Issues regarding cannula size are much more significant in infants and small children than in adults. Arterial cannulas for neonates and small infants must be of sufficient size to permit appropriate arterial inflow rates at reasonable line pressures, with minimal shearing or jetting of blood flow (which can damage the vessel intima, aortic valve, or blood elements), yet small enough to fit in small aortas without obstructing aortic flow (Table 109-3). Small cannulas (i.e., 8 French) with a thin-walled, reinforced design that prevents cannula kinking and allows a larger luminal diameter for a given external diameter have become popular choices for infant bypass (Biomedicus). Care also needs to be taken not to kink or compress the infant’s pliable aorta by the location and orientation of the aortic cannula and its tubing. As noted, the cannula itself can significantly obstruct flow in the vessel around the cannula. Location of the tip can direct blood flow toward or away from specific vessels; for example, locating and directing the tip more distally toward the transverse arch may reduce flow through the right carotid artery, or favor lower body perfusion at the expense of cerebral perfusion and optimal brain cooling.31
|Weight (kg)||Standard Arterial Size (French)||Biomedicus Pediatric Arterial Size (French)|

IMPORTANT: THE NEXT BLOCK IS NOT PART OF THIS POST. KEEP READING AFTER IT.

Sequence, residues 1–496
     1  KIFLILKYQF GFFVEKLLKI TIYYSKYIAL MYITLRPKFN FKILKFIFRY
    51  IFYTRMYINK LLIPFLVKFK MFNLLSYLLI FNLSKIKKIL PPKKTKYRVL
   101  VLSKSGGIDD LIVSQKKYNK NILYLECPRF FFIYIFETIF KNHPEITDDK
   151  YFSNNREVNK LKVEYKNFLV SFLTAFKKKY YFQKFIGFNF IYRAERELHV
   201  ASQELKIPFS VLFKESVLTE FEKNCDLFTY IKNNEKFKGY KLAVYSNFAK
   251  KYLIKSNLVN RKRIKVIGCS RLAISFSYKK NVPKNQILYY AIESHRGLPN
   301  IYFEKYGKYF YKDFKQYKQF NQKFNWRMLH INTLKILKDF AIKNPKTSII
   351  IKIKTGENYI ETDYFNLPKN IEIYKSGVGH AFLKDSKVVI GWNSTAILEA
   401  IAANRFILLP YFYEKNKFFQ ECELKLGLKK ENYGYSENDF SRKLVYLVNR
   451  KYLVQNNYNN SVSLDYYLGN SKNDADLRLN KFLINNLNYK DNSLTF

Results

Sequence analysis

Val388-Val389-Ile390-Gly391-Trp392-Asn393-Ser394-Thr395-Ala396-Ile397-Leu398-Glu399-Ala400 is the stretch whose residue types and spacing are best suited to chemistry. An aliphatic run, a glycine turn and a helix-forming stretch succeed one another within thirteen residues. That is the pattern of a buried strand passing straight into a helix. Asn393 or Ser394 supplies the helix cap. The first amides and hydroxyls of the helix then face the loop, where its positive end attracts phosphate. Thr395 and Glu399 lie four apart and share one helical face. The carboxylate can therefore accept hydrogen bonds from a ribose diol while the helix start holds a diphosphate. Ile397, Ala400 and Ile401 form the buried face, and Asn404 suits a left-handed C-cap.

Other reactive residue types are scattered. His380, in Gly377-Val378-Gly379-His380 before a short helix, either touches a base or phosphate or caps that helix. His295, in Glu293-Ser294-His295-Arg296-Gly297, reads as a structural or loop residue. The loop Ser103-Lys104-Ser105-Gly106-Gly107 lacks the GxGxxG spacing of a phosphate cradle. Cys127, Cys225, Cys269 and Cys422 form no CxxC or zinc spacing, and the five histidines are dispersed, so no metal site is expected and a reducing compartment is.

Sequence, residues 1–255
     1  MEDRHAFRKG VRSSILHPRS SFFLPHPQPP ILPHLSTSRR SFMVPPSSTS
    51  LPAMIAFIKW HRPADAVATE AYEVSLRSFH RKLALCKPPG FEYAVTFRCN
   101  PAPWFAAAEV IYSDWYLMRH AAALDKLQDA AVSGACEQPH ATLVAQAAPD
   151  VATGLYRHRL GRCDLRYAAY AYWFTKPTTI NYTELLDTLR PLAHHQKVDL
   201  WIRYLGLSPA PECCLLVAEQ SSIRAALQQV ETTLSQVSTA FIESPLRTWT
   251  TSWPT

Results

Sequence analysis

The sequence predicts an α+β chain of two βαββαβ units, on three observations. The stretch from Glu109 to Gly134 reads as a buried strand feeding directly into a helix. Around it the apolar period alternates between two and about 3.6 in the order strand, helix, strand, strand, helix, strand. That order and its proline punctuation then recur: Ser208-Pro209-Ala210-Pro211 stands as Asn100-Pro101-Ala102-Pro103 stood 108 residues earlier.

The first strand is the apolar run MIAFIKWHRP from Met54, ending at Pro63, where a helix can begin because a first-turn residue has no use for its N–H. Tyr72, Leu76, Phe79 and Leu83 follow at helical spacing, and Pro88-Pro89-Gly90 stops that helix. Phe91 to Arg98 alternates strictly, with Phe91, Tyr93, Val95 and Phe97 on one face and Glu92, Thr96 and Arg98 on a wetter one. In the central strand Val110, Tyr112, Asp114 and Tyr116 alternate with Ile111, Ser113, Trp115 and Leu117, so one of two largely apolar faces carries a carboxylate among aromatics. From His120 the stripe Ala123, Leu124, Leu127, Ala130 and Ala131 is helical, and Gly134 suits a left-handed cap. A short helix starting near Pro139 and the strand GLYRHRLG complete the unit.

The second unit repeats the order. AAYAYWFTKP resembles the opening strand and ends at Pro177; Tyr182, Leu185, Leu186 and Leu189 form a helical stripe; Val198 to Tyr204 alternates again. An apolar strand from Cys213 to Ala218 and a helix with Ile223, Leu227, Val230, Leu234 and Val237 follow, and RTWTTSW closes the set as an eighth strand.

Certain congenital cardiac lesions require unique aortic cannulation sites. For example, the aortic cannula is typically placed more distally in the aorta for repairs that involve extensive proximal aortic surgery, such as the arterial switch procedure for transposition of the great vessels; this distal location may alter distribution of blood flow to the carotid vessels. Repair of interrupted aortic arch requires two arterial cannulas, one in each segment of the aorta (perfusing the head and lower body, respectively). The aortic cannula is placed in the pulmonary artery at the beginning of CPB for stage I repair of hypoplastic left heart syndrome because of the typically diminutive size of the ascending aorta in this lesion. The distal pulmonary arteries are occluded with tourniquets and the aorta is perfused via the ductus arteriosus until the aortic reconstruction is completed, at which time the cannula is repositioned in the neo-aorta.
Unlike in adults, femoral arterial cannulation for CPB is not usually a viable option in infants and small children (weighing less than about 10 to 15 kg), because small vessel size precludes inserting an arterial cannula that is large enough to allow arterial inflow rates that are sufficient to completely meet metabolic needs (see later). In small infants (without recent sternotomy), the neck vessels are the preferred extrathoracic cannulation sites (see later). However, as a resuscitative measure in emergent situations (e.g., cardiopulmonary arrest in the cardiac catheterization laboratory, particularly when femoral vascular access is already in place), insertion of smaller perfusion cannulas in the femoral artery has often been life-saving in terms of facilitating rapid establishment of extracorporeal support. Femoral access is performed occasionally for older children, either electively when there is concern that a cardiac chamber or vascular conduit lies immediately beneath the sternum, or emergently when one of these structures is entered inadvertently during the dissection.